having the same conflict which ye saw in me,—What they had seen of his sufferings must have been when he and Silas were beaten, imprisoned, and their feet made fast in stocks at Philippi, (Acts 16; Acts 22-24). How deeply this outrage im­pressed itself on his mind, we see both by his conduct toward the magistrates, and also by his allusion to it: “But having suf­fered before and been shamefully treated, as ye know, at Philippi, we waxed bold in our God to speak unto you the gospel of God in much conflict.” (1 Thessalonians 2:2). Here he uses the remem­brance to suggest to the Philippians that their struggle was only the same which he had borne, and borne successfully. The con­flict, though called the same, need not be taken to imply that they were exposed to the danger of arrest, imprisonment, and scourg­ing, but that they had to endure sufferings and that their cause was the same. They were soldiers under the same Master, and each had a share in the conflict. The word implies a struggle for a prize and is here used to denote the Christian’s position in the world. He is fighting for the mastery, and there are many ad­versaries.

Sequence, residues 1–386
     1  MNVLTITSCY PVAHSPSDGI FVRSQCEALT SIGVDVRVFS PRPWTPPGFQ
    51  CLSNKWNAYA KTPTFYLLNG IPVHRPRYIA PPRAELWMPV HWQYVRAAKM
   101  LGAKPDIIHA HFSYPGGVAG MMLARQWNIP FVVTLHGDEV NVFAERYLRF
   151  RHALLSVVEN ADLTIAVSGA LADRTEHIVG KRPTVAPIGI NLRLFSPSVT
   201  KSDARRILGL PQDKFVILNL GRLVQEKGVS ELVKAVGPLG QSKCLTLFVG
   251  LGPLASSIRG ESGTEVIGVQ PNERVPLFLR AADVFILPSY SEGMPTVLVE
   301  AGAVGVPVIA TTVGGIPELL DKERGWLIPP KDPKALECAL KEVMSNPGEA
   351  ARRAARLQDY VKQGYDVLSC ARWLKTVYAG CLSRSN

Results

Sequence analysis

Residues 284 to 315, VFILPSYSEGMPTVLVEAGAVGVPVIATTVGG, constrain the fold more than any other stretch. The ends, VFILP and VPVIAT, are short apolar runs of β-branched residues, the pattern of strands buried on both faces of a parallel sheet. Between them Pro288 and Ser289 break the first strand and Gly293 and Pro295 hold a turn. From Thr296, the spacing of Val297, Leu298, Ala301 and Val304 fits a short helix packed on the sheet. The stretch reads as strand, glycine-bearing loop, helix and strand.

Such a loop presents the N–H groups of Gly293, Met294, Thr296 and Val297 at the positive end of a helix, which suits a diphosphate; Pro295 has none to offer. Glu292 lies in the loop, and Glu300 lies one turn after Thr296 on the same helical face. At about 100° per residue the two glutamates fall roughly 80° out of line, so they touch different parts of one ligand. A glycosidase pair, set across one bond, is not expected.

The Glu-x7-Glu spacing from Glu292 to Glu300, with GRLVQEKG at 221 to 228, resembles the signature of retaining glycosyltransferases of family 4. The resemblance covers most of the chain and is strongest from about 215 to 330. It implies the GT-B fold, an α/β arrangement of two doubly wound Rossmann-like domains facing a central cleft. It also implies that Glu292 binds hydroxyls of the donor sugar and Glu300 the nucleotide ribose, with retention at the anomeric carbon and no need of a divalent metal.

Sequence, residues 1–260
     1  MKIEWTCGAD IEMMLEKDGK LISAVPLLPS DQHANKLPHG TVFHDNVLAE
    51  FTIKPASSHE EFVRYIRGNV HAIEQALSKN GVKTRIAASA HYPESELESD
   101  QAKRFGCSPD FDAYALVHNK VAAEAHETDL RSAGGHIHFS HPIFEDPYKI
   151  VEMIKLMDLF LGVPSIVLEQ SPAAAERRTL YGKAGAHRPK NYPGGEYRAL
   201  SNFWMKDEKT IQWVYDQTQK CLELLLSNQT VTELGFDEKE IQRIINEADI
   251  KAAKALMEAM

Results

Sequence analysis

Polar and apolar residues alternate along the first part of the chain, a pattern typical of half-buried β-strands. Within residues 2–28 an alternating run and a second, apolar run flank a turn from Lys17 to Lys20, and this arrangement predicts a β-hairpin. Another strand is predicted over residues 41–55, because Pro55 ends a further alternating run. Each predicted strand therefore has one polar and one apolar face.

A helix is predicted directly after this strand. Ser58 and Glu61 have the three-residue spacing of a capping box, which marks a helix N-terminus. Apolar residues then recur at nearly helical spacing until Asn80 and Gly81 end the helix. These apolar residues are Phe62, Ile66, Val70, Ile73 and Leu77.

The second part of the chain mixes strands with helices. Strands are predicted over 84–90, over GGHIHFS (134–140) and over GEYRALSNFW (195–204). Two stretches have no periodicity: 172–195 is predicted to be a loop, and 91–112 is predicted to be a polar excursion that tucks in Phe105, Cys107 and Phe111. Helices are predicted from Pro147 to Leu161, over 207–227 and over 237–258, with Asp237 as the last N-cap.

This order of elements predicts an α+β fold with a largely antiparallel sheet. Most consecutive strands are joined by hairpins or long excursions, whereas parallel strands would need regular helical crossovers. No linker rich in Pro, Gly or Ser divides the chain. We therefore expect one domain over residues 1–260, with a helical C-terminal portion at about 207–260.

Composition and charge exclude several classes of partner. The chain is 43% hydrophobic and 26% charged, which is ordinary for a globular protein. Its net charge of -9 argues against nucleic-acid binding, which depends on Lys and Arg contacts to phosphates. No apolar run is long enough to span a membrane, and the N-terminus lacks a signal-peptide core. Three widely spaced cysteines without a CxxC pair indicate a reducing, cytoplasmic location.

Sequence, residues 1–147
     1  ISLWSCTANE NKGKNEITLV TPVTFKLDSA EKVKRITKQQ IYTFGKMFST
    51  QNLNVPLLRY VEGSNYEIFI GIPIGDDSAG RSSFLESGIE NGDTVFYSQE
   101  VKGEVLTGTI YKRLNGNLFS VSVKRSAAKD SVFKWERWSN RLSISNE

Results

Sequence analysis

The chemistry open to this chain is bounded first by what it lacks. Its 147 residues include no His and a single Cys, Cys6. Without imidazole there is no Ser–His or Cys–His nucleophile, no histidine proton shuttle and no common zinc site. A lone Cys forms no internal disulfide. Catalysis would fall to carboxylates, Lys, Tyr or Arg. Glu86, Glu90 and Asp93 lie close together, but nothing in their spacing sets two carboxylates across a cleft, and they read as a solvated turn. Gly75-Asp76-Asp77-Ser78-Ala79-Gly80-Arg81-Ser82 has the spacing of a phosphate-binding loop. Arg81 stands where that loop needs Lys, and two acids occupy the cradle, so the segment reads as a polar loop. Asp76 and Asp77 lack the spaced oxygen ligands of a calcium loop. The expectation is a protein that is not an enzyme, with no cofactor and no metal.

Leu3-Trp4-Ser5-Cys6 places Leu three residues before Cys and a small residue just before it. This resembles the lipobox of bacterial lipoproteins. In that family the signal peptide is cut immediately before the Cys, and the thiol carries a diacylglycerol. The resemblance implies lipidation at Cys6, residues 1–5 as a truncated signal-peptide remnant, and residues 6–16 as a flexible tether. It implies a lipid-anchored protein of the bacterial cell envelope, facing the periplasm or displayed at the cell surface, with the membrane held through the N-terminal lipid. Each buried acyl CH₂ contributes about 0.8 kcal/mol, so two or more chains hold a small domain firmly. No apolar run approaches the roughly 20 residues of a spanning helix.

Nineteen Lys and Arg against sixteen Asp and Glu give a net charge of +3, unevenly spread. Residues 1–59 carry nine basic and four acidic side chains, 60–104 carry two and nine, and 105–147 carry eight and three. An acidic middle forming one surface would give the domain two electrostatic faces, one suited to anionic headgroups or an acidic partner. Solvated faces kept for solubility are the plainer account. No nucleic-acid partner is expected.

and now hear to be in me.—They had been informed of his imprisonment, and for that reason had sent Epaphroditus to Rome with their gifts, and they would hear still more from Epaphroditus when he returned to them and delivered the apostle’s epistle. Paul, having shown them that they should account it a gracious favor of God to be permitted to suffer for the sake of Jesus, proceeds in this section to urge upon them unity among them­selves and harmony with the Spirit of Christ.

Bibliographical Information
"Commentary on Philippians 1". "Old & New Testament Restoration Commentary". https://www.studylight.org/commentaries/eng/onr/philippians-1.html.